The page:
Crossing the Tarim Basin is a journey not only across space but also back in time. Travelling on foot and on horseback, Stein had to surmount the formidable mountain ranges between India and China to reach his starting point, Kashgar. Our starting point at Urumqi, the capital of Xinjiang, is nowadays reached easily by plane. But as we moved further away from Urumqi, we moved closer to Stein and other travellers of the past.
At first, the difference remains considerable, with wide roads and a railway now crossing the mountains and skirting the deserts. On the modern road which now bisects the Taklamakan, grids of netting keep the constantly shifting sands at bay. The sites at the fringes of the desert can be reached in some comfort and speed by 4-wheel drives — with skilful driving.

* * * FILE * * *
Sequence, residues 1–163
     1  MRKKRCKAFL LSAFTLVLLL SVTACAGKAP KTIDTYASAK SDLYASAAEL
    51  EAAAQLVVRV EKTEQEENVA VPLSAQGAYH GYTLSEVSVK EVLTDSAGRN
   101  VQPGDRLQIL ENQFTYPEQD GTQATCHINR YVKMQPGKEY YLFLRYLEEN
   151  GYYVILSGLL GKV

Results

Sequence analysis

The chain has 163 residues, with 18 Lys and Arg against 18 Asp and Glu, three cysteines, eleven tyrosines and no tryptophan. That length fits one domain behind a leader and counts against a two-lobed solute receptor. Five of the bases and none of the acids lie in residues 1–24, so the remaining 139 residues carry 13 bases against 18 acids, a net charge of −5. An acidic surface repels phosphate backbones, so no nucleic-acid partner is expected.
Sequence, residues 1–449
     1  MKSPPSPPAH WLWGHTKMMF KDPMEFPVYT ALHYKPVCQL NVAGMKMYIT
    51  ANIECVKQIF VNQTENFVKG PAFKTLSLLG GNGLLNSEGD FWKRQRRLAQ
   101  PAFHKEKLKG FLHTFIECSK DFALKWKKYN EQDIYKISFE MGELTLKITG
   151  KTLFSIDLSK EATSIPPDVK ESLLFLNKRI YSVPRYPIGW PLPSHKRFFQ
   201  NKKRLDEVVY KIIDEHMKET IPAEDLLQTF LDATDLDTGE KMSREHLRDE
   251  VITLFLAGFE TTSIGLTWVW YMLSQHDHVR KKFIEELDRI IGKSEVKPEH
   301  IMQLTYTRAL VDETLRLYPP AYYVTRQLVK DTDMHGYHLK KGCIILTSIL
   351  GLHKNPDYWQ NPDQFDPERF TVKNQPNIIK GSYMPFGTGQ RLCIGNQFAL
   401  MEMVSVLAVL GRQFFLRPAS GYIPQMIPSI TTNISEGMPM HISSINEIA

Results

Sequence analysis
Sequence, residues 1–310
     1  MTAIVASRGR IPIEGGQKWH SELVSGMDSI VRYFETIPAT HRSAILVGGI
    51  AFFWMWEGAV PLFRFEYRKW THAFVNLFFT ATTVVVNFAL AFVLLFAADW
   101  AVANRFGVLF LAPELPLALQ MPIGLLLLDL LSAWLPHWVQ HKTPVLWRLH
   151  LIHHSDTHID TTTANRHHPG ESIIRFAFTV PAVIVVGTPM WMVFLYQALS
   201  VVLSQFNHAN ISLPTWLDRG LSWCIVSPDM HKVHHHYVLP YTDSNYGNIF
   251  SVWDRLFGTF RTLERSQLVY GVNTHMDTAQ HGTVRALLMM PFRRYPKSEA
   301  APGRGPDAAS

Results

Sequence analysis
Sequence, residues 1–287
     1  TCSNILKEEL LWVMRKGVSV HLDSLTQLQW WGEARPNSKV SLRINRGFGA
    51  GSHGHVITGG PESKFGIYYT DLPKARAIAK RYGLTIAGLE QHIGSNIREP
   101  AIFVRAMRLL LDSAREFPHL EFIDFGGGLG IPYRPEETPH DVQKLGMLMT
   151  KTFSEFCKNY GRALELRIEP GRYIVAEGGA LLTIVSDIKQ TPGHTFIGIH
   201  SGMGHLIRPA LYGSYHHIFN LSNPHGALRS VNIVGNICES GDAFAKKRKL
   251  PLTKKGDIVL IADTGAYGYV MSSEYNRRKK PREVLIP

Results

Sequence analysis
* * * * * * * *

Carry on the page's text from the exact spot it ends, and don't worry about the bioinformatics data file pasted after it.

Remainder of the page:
Further into the desert, sand trucks, driven by off-duty oil workers, track a slow and circuitous path, searching for navigable routes through the mountainous dunes. But even they cannot negotiate the deepest sands of the Taklamakan. Here Bactrian camels come into their own and the pace of the journey reduces to that of Stein a century ago and, indeed, to that of Silk Road merchants two millennia past.